Satire of the past can say a lot about the realities of the present. While some may occasionally consider the workings of our government as the content for farce, making fun of what happens in Washington could bring artistic and political challenges. How much safer it can be, creatively, to look at the absurdities of a past that we only know through the history books.

In 1953, Soviet Premier Joseph Stalin was a mystery to most Americans. While he had been an ally of the United States during the Second World War, he never achieved the camaraderie that Franklin D. Roosevelt experienced with Britain’s Winston Churchill. Many on the American side resented how Stalin demanded a gravely ill Roosevelt give the Soviet Union more post-war presence at the Yalta conference in 1945. Little did anyone know that, eight years later, Stalin’s death would, itself, ignite a palace intrigue with enough twists to fill a binge-worthy series.

The deviously clever The Death of Stalin dares to make fun of every Soviet leader of the moment — from Stalin to Malenkov to Khrushchev — in its meticulous examination of what could happen when a leader surrounds himself only with people who agree with him, makes no provisions for leadership beyond his ego, and lives in a fantasy of how much support he can count on. This is not a serious film. But it’s serious about its fun. The jokes are pointed, the humor broad and the ugliness of spirit and intention pointedly exaggerated. Whether or not any of what we see has a shred of truth is incidental. As we often find looking at our own politics, what we speculate can be more entertaining than what actually occurs.

The rapid-fire comedy starts from the outset in a hysterical sketch of a Russian pianist, a crowded symphony hall, and a demand from a living Stalin for a recording of a concert performance. We know, from the antics that define this sequence, that we’re in for something beyond what might see on the History Channel. Immediately we’re tossed into the middle of a dysfunctional senior echelon of political leaders, light on trust, heavy on deceit, lacking political correctness, deficient of respect for the jobs they do or the people they serve. And, when Stalin suddenly dies, whatever sense of order they might have known immediately disappears as the events bring out the worst in everyone. No one is left untouched in this celebration of how the malicious leaders can be.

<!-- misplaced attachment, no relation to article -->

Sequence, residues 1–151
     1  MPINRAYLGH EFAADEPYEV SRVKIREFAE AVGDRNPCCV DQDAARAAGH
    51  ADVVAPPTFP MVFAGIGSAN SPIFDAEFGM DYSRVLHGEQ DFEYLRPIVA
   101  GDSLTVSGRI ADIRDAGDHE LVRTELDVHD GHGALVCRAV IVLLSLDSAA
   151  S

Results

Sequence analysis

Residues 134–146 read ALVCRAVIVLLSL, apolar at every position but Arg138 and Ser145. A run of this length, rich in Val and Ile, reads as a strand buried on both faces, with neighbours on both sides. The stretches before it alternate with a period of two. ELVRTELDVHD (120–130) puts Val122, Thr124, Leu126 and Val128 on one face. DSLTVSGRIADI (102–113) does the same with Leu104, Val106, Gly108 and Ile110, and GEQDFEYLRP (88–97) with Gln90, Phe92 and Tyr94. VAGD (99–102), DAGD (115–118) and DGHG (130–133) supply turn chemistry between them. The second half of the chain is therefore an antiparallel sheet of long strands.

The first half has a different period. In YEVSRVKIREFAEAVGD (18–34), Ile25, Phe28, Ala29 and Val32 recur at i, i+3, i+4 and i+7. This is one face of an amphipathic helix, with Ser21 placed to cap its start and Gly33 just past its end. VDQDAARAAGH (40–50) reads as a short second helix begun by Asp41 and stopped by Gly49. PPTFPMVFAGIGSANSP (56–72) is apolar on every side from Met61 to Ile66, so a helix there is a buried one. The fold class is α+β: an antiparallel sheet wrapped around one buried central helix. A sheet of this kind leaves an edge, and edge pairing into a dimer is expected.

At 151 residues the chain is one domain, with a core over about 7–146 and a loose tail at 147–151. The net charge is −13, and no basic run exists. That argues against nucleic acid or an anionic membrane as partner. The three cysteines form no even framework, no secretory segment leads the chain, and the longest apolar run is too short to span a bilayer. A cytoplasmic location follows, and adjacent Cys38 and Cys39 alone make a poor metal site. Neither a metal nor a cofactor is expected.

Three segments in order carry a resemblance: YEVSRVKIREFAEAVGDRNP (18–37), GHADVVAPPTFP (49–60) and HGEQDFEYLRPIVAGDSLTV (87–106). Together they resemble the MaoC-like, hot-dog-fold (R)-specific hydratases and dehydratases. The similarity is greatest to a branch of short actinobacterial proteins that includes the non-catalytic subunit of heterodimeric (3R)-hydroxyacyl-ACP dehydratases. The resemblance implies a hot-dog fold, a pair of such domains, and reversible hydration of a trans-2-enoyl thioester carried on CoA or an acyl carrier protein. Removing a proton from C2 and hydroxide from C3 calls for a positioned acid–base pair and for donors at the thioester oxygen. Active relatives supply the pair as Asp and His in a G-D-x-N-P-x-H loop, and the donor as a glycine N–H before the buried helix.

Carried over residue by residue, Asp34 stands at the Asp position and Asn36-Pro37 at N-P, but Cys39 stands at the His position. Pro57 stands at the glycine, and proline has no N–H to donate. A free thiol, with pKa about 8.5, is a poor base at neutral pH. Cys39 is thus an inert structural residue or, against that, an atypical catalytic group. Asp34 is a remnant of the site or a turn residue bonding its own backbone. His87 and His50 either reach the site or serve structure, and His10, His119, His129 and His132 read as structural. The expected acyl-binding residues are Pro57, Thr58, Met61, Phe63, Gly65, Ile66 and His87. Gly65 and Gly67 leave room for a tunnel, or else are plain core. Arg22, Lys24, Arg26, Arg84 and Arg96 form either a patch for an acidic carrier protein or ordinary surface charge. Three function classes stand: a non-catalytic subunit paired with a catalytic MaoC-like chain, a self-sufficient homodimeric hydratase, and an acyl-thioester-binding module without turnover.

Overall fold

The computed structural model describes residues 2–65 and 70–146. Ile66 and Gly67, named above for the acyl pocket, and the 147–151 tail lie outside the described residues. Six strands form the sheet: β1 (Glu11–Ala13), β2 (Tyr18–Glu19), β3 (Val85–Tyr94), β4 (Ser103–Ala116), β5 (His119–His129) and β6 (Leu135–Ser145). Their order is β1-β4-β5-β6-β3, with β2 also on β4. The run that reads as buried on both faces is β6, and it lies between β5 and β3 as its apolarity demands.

For Steve Buscemi, the gifted comic character actor, playing Nikita Khrushchev (yes, you read correctly) offers the actor a chance to fully demonstrate the range of his lunacy. Rarely since his star-making turn in Fargo, more than 20 years ago, has this gifted performer been given a character that demands so much from him. Watching him swim in this pool of political savagery is one more reason to savor this lunacy. With such sharp writing and crisp direction, this visit to Stalin’s death is more than worth the trip. It may even help you look away from what’s happening here at home.

Nutritional Value: The Death of Stalin

  • Content: High. This exaggerated look at what can happen when a global leader dies delivers a stylized and entertaining look at political savagery at its best. Or worst.

  • Entertainment: High. Steve Buscemi, in an outrageous interpretation of Nikita Khrushchev, has great fun reliving a dramatic chapter in the lives of the former Soviet Union.

  • Message: Medium. There may not necessarily be a moral to this story but it’s a lot of fun.

  • Relevance: Medium. Anyone who loves politics, and observing dysfunctional political leaders, will find the backstory to this moment in history an entertaining watch.

  • Opportunity for Dialogue: Medium. For history lovers, there will be a lot to discuss. But this is not something for the entire family to watch. The language can be strong.